Accurately serializing and deserializing a SysTime in binary format

Steven Schveighoffer schveiguy at
Tue Jul 21 12:21:16 UTC 2020

On 7/21/20 7:44 AM, Ecstatic Coder wrote:
> On Tuesday, 21 July 2020 at 11:01:20 UTC, drug wrote:
>> On 7/20/20 10:04 PM, Ecstatic Coder wrote:
>>> I'm currently implementing a small open source backup tool (dub), and 
>>> therefore I need to accurately store the file modification SysTime in 
>>> binary format, so that I can later load this SysTime from the 
>>> snapshot file to compare it with the current file modification SysTime.
>>> Having unfortunately not understood how to do this from the SysTime 
>>> documentation, in despair, I've tried to directly serialize the 16 
>>> bytes of the SysTime value. This worked fine until I call the 
>>> ".toISOString()" on the deserialized SysTime, which inevitably 
>>> crashes the executable ;)
>> That is probably a bug. I serialize SysTime as long by means msgpack 
>> for exchanging between C++ client and D server and it works pretty nice.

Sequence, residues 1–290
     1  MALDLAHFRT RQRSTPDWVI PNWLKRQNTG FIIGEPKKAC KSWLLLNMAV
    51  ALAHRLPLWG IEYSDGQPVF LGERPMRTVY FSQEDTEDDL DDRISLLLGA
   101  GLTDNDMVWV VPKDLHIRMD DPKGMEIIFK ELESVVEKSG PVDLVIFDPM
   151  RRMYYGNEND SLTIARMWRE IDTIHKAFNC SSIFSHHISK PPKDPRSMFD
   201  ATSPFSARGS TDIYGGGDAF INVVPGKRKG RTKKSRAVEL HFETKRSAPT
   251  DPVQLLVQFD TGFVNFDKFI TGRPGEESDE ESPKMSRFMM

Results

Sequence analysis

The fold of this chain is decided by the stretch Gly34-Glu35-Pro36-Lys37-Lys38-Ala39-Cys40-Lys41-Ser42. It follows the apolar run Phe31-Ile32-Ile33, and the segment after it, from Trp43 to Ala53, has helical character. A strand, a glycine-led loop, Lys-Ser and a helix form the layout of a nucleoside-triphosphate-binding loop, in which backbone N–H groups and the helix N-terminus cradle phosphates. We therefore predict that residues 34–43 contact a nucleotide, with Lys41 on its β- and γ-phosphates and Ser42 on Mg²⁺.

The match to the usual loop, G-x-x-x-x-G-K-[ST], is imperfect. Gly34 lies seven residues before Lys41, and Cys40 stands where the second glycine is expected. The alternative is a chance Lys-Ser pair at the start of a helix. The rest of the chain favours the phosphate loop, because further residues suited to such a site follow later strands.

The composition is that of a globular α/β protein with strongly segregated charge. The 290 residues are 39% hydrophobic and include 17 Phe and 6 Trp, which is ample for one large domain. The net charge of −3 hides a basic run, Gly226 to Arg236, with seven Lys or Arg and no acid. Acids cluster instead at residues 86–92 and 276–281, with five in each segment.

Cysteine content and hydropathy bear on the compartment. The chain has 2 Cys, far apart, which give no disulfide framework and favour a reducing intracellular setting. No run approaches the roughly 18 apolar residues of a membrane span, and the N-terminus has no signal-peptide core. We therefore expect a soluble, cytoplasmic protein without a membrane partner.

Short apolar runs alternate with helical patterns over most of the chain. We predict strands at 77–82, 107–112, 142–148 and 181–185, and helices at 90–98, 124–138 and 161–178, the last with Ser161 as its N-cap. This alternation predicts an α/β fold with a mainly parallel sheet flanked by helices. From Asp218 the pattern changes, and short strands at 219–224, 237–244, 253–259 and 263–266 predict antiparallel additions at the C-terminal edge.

> Ah thanks for telling me :)
> The loaded byte array in the union type was indeed the same as the saved 
> one, so I immediately thought it was crashing because of some hidden 
> pointer for timezone or something which was then pointing to garbage at 
> reloading, causing the crash of the ".toISOString" call.

Not a bug.

8 of those 16 bytes is a pointer to the timezone, which is going to be 
different on different processes.

What you should do I think is serialize the stdTime [1], and set the 
time zone to whatever you want:

long serialize(SysTime st) { return st.stdTime; }
SysTime deserialize(long st) { return SysTime(st, UTC()); }

The stdTime is always stored as UTC to make math a lot easier. The time 
zone is only used for display.



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